- Avoid dietary triggers. To keep constipation at bay, cut back on processed foods, along with any foods high in fat, sugar, and starch. When possible, replace these foods with fresh produce and whole grains. As your period approaches, also consider replacing some of your caffeinated or alcoholic drinks with herbal tea and water.
- Try probiotics. Some people find probiotics helpful for treating constipation and other gastrointestinal issues. Try including more probiotic-rich foods in your diet, such as plain Greek yogurt with fruit, kimchi, pickled vegetables, or miso.
- Talk to your healthcare provider. If you have severe constipation or constipation that bothers you every month, your healthcare provider may be able to recommend additional treatments, including medication.
It’s common to experience digestive issues other than constipation during your period. You might have diarrhea, bloating, gas, or all three.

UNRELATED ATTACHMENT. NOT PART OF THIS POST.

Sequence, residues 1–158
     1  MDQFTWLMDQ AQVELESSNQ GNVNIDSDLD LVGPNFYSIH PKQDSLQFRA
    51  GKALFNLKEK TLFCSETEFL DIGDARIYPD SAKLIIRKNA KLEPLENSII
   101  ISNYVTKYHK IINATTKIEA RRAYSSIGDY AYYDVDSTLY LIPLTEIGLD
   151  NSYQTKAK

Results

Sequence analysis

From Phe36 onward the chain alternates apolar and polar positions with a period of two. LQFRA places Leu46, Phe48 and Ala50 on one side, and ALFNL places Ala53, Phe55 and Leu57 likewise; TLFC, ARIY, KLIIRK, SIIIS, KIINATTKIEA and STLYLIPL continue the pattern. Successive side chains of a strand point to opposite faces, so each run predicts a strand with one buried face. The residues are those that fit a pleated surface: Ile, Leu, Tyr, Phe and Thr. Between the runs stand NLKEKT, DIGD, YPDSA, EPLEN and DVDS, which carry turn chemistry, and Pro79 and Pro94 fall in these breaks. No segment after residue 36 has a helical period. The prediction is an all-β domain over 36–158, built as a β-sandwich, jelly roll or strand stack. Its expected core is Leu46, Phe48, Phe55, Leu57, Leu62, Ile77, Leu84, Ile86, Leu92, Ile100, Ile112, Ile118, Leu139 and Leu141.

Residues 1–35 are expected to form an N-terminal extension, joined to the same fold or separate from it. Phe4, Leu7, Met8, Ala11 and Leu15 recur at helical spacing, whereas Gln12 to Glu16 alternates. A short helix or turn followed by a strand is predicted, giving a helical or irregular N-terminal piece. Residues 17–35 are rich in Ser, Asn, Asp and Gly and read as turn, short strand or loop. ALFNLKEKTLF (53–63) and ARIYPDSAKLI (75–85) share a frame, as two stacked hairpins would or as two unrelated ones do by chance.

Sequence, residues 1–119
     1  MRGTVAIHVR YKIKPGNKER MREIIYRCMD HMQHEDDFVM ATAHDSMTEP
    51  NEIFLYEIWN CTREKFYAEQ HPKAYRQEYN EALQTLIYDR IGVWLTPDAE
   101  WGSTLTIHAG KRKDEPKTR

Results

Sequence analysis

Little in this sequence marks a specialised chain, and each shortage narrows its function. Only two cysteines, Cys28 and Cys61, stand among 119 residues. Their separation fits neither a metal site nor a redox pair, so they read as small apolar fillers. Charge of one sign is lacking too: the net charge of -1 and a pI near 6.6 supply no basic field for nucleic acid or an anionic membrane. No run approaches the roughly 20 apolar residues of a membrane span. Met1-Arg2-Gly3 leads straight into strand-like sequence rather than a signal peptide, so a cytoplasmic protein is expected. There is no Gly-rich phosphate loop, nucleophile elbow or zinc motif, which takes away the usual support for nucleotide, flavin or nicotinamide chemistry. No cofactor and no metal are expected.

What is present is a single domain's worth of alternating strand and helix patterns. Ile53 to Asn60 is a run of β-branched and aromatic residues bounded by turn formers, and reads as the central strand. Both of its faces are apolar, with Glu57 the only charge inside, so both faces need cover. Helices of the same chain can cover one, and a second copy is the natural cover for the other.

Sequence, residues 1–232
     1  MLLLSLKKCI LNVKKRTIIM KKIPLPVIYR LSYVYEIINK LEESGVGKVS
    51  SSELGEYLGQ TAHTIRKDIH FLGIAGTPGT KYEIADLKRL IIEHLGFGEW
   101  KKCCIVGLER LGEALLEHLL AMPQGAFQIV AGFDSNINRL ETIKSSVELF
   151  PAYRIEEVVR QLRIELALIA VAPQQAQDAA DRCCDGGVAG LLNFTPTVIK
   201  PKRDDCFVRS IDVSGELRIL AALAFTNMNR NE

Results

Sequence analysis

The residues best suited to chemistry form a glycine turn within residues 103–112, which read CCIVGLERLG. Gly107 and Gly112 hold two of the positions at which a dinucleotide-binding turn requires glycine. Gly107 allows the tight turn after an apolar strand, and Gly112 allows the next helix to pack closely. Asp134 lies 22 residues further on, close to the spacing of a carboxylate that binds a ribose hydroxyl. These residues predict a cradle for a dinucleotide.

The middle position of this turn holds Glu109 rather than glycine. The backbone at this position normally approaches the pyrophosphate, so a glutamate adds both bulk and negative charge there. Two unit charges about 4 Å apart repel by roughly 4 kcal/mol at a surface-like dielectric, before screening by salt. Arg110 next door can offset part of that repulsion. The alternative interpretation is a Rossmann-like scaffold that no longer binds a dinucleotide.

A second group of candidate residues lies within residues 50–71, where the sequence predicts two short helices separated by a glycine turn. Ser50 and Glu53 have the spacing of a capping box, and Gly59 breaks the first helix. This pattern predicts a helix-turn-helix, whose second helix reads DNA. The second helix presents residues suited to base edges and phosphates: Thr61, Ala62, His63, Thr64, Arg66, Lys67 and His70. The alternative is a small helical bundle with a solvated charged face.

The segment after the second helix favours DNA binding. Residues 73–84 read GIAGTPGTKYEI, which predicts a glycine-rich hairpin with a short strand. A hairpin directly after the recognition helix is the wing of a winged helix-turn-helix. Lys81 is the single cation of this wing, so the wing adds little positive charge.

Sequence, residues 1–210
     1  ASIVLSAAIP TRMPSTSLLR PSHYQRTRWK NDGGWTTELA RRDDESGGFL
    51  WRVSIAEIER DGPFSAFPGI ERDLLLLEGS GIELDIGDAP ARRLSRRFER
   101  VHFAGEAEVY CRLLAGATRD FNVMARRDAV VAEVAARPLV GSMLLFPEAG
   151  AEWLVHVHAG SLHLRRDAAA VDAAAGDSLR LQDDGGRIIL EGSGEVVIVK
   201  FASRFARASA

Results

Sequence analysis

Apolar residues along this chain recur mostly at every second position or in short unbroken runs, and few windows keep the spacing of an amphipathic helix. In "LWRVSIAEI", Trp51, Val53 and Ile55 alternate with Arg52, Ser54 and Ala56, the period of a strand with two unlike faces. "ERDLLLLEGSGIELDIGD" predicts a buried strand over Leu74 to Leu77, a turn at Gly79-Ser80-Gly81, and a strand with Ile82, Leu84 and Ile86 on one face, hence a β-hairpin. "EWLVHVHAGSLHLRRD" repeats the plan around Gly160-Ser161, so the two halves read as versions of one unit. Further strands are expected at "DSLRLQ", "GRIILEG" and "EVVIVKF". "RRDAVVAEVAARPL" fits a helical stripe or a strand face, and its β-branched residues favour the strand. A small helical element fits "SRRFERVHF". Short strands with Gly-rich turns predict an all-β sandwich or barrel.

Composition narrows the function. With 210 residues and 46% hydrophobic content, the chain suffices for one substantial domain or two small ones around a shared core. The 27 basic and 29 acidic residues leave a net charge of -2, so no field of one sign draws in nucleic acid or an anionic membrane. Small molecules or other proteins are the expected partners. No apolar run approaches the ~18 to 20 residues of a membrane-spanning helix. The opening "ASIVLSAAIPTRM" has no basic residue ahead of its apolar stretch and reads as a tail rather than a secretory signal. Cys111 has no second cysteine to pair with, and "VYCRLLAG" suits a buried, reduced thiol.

These issues happen because of prostaglandins, which are hormones that help your uterus contract and shed its lining, resulting in your period. But they can also wreak havoc on your digestive system.
To help relieve these digestive problems:
- Stay hydrated while limiting sweet or caffeinated drinks.
- Cut back on foods high in sodium.
- Cut back on foods that cause gas.
- Try an over-the-counter remedy for persistent diarrhea or gas, such as loperamide (Imodium).
If your bowel movements return to normal within a few days of your period starting, you most likely don’t have any reason to worry about constipation during your period.
But if it’s getting in the way of your day-to-day life or lasts longer than three days, talk to your healthcare provider to make sure there isn’t something else going on.
Be sure to follow up with them if you also experience:
- very painful periods
- blood in your stool
- low back pain
- heavy bleeding during your period
- throbbing pain in your pelvis and upper legs
- persistent and severe digestive issues during your period and other times
- nausea and vomiting during your period
These can all indicate some kind of underlying issue, including IBS or endometriosis.